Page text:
A controversial review to give Purdue the ball, a somewhat controversial foul called on an in-bounds play and a half-court shot that missed just short.
Those were the lasting moments from the Michigan men’s basketball team’s 70-69 loss to the fifth-ranked Boilermakers. Any of which could have changed the outcome.
The review came when redshirt sophomore Charles Matthews seemingly had the ball poked out of his hands by Purdue guard Dakota Mathias. During the replay, Matthews told Beilein the ball didn’t go off his hands, but after an unusually long look at the monitors, the referees disagreed.
“I wish we could have got Charles to the rim,” Beilein said. “It looked like he was going to go lay it in, and all of the sudden, you know, with 5.6, or whatever it is on the clock, that’s enough time. I really was convinced that we had a play set up that we were going to win the game. All of the sudden, they’re winning the game.”
Considering how the game went, with Michigan crawling back from a 14-point first-half deficit and having the ball in its hands with the game on the line, it’s easy to understand disappointment. This would have been a huge win against a Boilermaker team that has looked as good as any in recent weeks.
Yet, taking a step back, it’s hard to ignore how far the Wolverines have come.
This isn’t the same team that lost to LSU, looked hapless against North Carolina and blew a huge lead in Columbus. On Tuesday, against a team that looked like it was a terrible matchup for Michigan, the Wolverines hung around.
Freshman forward Isaiah Livers and freshman guard Jordan Poole kept the Wolverines alive at times. They were hardly factors early in the season.
Freshman guard Zavier Simpson hit two huge 3-pointers to give Michigan its first lead of the game with 4:38 left. He was benched after the loss to the Tigers.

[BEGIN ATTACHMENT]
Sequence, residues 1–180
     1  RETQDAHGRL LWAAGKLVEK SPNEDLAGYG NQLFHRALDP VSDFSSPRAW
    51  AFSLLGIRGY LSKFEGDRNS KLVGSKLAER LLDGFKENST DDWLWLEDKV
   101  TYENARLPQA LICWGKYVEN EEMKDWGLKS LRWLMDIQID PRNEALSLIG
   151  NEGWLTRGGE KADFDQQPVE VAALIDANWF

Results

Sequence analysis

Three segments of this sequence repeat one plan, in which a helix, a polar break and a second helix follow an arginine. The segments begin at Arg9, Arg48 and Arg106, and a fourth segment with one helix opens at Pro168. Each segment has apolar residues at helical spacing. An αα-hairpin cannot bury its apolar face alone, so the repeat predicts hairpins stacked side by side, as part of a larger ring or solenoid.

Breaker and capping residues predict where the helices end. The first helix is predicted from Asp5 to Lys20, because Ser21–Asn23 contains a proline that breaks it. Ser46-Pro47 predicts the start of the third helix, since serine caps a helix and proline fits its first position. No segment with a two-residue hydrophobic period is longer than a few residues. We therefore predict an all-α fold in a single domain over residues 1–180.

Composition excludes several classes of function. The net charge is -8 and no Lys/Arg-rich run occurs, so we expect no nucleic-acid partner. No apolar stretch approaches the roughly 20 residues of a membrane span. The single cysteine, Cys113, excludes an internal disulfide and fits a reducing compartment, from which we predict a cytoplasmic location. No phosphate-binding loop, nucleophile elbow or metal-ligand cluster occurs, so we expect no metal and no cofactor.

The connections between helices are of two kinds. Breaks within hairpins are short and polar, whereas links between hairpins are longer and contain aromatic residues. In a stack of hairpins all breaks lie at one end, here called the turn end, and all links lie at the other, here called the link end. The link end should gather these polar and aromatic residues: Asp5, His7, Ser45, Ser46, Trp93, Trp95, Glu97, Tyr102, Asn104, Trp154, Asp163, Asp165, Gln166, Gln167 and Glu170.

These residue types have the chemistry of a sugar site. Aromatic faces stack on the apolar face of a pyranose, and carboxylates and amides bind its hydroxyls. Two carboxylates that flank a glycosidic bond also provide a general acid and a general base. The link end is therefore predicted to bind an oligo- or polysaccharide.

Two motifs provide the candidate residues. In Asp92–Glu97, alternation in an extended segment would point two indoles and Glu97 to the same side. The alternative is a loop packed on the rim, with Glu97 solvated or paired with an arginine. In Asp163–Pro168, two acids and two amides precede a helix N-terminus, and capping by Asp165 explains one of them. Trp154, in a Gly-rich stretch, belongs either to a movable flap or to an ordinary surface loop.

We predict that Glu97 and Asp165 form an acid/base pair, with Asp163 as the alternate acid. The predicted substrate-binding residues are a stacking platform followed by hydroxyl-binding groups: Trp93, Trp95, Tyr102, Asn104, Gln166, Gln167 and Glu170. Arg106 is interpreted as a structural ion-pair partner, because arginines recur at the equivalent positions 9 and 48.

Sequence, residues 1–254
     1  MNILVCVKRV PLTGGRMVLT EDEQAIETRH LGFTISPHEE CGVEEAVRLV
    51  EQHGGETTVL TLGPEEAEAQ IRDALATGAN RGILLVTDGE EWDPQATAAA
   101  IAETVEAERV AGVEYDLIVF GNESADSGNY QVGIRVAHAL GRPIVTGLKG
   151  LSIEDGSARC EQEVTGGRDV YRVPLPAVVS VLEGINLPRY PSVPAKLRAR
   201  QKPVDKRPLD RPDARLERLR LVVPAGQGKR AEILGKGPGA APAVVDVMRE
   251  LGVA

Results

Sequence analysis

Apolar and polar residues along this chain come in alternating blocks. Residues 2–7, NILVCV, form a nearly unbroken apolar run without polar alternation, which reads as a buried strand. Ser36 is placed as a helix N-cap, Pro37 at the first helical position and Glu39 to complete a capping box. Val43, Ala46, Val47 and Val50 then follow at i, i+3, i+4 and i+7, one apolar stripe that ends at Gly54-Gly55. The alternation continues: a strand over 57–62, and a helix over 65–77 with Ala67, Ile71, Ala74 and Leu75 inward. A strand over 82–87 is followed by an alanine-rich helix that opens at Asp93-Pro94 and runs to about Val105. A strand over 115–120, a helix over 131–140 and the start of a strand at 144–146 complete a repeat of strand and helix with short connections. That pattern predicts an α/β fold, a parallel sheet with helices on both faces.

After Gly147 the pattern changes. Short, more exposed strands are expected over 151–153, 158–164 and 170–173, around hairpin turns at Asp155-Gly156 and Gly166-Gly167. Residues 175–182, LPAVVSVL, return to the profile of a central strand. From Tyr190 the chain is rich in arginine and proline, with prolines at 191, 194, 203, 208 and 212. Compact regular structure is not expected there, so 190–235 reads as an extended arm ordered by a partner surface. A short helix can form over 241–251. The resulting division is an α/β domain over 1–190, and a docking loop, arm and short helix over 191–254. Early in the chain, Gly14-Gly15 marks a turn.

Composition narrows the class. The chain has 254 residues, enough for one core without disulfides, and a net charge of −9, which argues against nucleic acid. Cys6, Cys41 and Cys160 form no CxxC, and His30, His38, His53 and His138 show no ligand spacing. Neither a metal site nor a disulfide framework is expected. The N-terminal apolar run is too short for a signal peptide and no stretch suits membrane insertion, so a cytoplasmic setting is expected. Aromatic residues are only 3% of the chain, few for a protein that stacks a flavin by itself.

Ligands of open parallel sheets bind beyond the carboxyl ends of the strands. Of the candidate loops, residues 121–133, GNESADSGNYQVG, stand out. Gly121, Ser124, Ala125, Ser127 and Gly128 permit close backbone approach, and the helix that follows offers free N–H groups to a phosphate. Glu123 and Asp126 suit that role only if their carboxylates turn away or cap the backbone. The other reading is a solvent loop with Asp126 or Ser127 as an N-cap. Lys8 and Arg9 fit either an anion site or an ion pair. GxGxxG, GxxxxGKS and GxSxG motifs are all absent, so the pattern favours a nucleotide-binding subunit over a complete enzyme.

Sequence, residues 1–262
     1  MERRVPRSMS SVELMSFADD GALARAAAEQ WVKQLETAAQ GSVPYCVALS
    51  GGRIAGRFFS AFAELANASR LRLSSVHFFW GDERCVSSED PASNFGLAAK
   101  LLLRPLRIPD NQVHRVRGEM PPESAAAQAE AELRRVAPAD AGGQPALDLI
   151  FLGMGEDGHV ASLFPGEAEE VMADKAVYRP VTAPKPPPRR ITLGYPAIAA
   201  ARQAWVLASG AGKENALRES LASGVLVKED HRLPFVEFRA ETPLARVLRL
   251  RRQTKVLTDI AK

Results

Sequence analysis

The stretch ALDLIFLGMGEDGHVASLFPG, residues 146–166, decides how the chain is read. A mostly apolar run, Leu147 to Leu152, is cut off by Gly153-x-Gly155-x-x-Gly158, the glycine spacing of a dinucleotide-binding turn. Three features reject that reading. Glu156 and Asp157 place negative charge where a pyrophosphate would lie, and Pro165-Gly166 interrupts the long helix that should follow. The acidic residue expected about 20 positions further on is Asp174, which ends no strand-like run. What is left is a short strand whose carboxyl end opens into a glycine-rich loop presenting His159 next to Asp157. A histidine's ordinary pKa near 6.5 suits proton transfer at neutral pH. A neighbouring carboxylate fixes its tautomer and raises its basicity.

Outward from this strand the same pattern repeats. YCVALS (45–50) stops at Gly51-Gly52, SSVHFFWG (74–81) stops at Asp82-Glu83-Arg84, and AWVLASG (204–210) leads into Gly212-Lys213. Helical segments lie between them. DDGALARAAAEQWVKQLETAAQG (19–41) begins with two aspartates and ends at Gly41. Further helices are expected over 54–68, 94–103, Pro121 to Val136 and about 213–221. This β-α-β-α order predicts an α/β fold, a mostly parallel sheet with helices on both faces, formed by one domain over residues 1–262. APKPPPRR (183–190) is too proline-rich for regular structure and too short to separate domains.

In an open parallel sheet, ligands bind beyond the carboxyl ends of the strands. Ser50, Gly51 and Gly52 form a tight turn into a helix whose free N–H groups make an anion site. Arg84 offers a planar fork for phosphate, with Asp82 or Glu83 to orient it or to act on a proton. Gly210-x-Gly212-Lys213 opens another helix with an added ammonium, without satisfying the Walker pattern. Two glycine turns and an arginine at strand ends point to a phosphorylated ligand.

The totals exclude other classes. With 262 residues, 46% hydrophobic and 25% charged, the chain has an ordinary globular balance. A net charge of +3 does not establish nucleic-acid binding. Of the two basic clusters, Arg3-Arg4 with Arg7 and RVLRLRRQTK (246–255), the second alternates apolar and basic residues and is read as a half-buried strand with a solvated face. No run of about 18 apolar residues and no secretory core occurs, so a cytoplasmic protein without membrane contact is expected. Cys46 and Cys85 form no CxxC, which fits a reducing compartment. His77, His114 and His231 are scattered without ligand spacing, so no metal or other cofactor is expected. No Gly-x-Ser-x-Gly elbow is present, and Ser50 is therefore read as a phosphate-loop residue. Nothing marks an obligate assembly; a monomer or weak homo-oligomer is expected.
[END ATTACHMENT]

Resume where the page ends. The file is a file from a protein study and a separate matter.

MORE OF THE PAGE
Most importantly, perhaps, the Wolverines made halftime adjustments and came back against an elite team when they were punched in the face to start the game. Against the Tar Heels, that seemed an impossibility.
It was enough to give senior guard Muhammad-Ali Abdur-Rahkman encouragement.
“I was pretty encouraged, but you never like to see your team lose,” said senior guard Muhammad-Ali Abdur-Rahkman. “I mean, a lot of guys showed a lot of great stuff. We’ve just got to continue to grow. It’s a marathon.”
Michigan still has plenty of progress to make. The Wolverines still had trouble stopping Boilermaker center Isaac Haas, and if it weren’t for a strong, second-half shooting performance, Michigan might not have been in the game.
But the adjustments were made, and if Matthews’ call doesn’t get overturned, or if Wagner doesn’t foul Haas, or if Matthews’ half-court heave goes four inches further the Wolverines come out on top.
Steady improvement over the season has nearly become a patented trademark of Beilein’s teams. This one may be another example.
Tuesday’s game was just the latest testament to how far Michigan has come this season. It’s why Beilein seemed so disappointed after the game. Saturday’s matchup with No. 4 Michigan State – possibly the best team in the country – will be the next opportunity to show it.
The Wolverines might not get the lucky bounces in that game, either. They may lose again. Yet it seems they are approaching where they want to be.
Persak can be reached by email at firstname.lastname@example.org or on Twitter @MikeDPersak